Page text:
Survey Responses

All of the survey participants (n = 31) responded to both items.

  • If you had a terminal condition with death anticipated within 6 months, which of these EOL care options would you prefer for yourself? This item elicited a nearly universal response; 30 of 31 responses identified option a (“Go home with comfort measures or hospice, as necessary, but no cardiopulmonary resuscitation or extraordinary measures”) as their preference for EOL care. A single participant selected option b (“Remain in whichever health care facility is necessary to receive all available medical therapies that could possibly extend my life”).

  • Do you have an advance directive that identifies your EOL preferences? This item generated greater variance in responses. Of the 31 respondents, 21 (68%) indicated option a, the Yes response, whereas 10 (32%) indicated option b, the No response.

Discussion

The small number of respondents to this survey pretty much nullifies the validity or reliability of the results in any meaningful way, except perhaps as a pilot for another attempt that generates a genuinely representative proportion of practicing critical care nurses. That said, a few unscientific observations might be shared from this tiny volume of input:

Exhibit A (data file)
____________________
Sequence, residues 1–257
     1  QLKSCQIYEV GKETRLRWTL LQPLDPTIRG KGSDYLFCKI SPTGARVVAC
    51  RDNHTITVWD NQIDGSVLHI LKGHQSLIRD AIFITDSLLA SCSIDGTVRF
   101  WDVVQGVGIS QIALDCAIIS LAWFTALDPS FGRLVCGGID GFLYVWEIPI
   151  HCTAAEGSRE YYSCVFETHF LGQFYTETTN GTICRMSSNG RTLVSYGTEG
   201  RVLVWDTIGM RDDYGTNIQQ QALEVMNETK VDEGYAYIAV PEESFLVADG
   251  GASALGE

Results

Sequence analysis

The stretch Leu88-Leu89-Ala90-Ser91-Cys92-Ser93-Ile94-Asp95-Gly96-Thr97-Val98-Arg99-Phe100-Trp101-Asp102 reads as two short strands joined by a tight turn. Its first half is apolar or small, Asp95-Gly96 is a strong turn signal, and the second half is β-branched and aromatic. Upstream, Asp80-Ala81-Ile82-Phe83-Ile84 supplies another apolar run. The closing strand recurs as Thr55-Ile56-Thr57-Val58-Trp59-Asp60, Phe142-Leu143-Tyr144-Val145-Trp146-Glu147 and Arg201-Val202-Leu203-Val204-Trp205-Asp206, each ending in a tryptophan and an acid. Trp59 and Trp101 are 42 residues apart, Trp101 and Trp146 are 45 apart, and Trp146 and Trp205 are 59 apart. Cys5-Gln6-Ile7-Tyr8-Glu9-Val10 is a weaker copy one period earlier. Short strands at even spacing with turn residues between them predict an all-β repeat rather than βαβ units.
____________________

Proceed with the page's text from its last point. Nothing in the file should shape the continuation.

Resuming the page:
• Virtually everyone who took the time to respond to the survey identified “Home” as the place they prefer to be in their final hours. That finding is consistent with data drawn from the multiple studies with representative samples of both physicians and nurses that were identified in the February 2016 editorial as well as from polls of the general public.

  • One participant described their goal clearly and succinctly as “Go home and live out the rest of my life in as much comfort as possible with my loved ones. I would do everything possible to stay out of the hospital.”

  • In this small sample, more than two-thirds of respondents indicated that they already had an advance directive prepared that included their EOL preferences. As an unscientific poll, this finding may also suggest that critical care nurses who have already addressed this issue in their own lives were more likely to respond to the survey than those who have not given it thoughtful consideration. Self-selection can easily affect survey results and needs to be considered in even a rudimentary analysis such as this.